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ANA National Money Show Draws More Than 2,600
Published on March 28, 2018
Judging by attendance figures and overall crowd enthusiasm, the American Numismatic Association (ANA) 2018 National Money Show in Irving, Texas, was a rousing success.
Judging by attendance figures and overall crowd enthusiasm, the American Numismatic Association (ANA) 2018 National Money Show in Irving, Texas, was a rousing success. A total of 2,671 people attended the three-day ANA National Money Show, which was held from March 8-10 at the Irving Convention Center, just 12 miles northwest of downtown Dallas. The show hosted 166 companies buying and selling coins and related items and there were many seminars and speakers presenting on an array of numismatic topics. There were also exhibits featuring rare coins from the ANA’s Money Museum in Colorado Springs, such as a $50 half union pattern from the Harry W. Bass, Jr., Collection and error notes from the Bebee Collection of U.S. Paper Money.
Another important event at the ANA National Money Show was a day-long seminar held by the Numismatic Crime Information Center (NCIC), led by Doug Davis and others to help educate Texas law enforcement on how to better recognize and handle crimes involving coins and other numismatic material. Additionally, the ANA presented a dozen free Money Talks presentations featuring a variety of numismatic luminaries speaking on various topics. One of the most well-attended Money Talks features, “Strategies to Dispose of Your Collection,” mustered a standing-room crowd and offered free copies of the newly released Managing & Settling a Numismatic Estate, a new ANA guide available to members for $6.95 and to non-members for just $8.95.
Meanwhile, there were some huge deals being transacted at the Kagin’s Auction. The three-session sale saw hundreds of lots cross the block, including colonial coins, tokens, medals, patterns, classic type coins, and three of the most comprehensive collections of Federal Reserve Bank notes, Federal Reserve notes, and Civil War-era encased postage stamps. Highlights from the sale include a VF35 1737 Higley copper graded by Professional Coin Grading Service (PCGS) that took $252,000 (including a 20% buyer’s fee), an PR67/Red-Brown 1872 Amazonian pattern half dollar certified by Numismatic Guaranty Corporation (NGC) that sold for $40,800, an 1857 10.07-ounce gold ingot from the Harris, Marchand & Co. recovered from the wreck of the S.S. Central America commanding $138,000, and an EF45 1918 $50 Federal Reserve Bank note from St. Louis graded by Paper Money Guaranty.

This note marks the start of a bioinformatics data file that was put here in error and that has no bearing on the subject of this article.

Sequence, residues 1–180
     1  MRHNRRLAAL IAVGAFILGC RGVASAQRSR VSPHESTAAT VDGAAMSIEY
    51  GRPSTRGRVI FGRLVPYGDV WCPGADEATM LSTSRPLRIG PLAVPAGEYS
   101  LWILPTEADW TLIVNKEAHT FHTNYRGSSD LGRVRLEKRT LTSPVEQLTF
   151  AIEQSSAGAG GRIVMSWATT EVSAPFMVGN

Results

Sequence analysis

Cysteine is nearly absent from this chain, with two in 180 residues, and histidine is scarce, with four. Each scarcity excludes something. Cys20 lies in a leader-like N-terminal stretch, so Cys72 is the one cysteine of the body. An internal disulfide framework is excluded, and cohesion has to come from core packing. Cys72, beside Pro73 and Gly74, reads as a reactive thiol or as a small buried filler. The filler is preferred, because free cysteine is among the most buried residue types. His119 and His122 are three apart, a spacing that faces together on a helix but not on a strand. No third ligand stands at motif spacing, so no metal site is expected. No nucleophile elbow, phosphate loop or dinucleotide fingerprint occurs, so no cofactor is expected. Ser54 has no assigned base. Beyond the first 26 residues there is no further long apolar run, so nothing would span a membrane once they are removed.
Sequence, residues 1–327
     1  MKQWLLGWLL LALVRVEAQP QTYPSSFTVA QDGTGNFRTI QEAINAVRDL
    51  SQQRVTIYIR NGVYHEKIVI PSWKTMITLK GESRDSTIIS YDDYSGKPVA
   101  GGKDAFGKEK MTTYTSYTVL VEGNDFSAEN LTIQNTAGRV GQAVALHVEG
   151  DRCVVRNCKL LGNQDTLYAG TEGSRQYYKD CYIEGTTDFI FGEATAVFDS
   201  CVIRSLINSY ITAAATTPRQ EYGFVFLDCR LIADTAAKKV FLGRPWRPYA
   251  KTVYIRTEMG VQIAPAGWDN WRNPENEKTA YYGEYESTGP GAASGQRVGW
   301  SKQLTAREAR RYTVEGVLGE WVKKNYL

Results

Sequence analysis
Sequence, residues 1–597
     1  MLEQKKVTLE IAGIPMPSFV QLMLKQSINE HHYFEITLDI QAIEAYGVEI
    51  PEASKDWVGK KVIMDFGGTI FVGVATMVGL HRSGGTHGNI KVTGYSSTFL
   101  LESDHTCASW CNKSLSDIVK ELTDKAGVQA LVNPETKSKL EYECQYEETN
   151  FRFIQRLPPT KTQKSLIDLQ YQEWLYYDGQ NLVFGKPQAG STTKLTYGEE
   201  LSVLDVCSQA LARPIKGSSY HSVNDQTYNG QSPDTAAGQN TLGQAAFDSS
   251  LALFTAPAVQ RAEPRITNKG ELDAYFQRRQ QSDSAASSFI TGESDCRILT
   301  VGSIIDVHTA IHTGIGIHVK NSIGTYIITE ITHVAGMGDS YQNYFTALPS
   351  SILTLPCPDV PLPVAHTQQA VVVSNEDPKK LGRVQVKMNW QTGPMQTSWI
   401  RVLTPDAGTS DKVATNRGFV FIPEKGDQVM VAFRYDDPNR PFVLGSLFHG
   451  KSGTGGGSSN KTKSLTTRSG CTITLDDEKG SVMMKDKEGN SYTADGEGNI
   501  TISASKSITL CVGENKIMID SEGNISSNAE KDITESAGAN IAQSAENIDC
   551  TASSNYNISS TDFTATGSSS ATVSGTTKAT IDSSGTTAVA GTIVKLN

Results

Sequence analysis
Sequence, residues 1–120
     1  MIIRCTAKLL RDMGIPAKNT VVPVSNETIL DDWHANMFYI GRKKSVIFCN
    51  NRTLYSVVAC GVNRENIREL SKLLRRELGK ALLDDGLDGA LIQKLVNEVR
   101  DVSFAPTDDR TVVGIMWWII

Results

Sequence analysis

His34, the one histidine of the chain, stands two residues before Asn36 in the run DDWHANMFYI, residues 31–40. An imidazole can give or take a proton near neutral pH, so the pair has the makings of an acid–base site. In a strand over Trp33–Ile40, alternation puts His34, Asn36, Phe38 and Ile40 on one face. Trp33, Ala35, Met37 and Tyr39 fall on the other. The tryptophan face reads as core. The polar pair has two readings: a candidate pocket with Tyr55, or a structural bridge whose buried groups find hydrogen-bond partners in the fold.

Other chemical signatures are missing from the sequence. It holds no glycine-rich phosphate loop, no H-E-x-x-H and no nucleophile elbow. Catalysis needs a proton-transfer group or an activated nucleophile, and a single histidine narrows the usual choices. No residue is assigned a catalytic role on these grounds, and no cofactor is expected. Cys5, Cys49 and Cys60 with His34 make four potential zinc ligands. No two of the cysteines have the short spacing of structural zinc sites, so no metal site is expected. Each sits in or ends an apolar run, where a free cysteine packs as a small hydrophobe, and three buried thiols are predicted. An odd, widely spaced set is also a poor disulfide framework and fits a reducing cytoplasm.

Surely a welcome sight to anybody who wants to see the hobby prosper well into the future were the 114 children (and their families) who participated in a Treasure Trivia game, which compelled the young to cruise the bourse floor searching for answers to various trivia questions. In all, the potential pool of new collectors was good at this event – of the 2,671 total people who attended the 2018 ANA National Money Show, a whopping 1,755 persons were from the general public, with potentially many of these people totally new to the numismatic arena.
Meanwhile, Mark Borckardt, one of the hobby’s most famous figures, was celebrated in a Legacy Series interview moderated by The Numismatist Editor-in-Chief Barbara Gregory. Borckart was also presented with a Presidential Award for his many accomplishments and service to the ANA. Other numismatic luminaries honored with Presidential Awards include Dr. James Ferrendelli, an ANA life member and Houston neurologist, and Kenny Duncan Sr., also a life member, long-time coin dealer and a dedicated ANA membership recruiter. A brand-new ANA award, the Award for Philanthropy, was presented to the Fort Worth-headquartered Ben. E. Keith Company and the Harry W. Bass, Jr. Foundation, located in Dallas.
“By all measures, the ANA’s convention in Irving was a success,” said ANA President Gary Adkins in a press release. “As I toured the bourse floor toward the end of the show to thank dealers for attending, almost all said they were quite pleased with the venue, the turnout and business.” ANA Conventions Director Jennifer Ackerman said, “Collectors who attended the show took full advantage of an exciting, sold-out bourse floor. We had a waiting list of dealers hoping to obtain a table. And everyone I spoke with was very pleased with the venue.”
If the attendance of the 2018 ANA National Money Show is any indication of the overall health of the numismatic industry, then one could say that the hobby and the coin and currency markets as a whole are bouncing back from more dismal times following the Great Recession of 2007-09. The ANA’s next major shindig will be in Philadelphia, where the ANA’s World’s Fair of Money will unfold at the at the Pennsylvania Convention Center August 14-18, 2018. May the Philly bourse floor be as sizzling hot as the city’s famous cheesesteaks (The best? Jim’s Steaks! Though you may beg to differ…)
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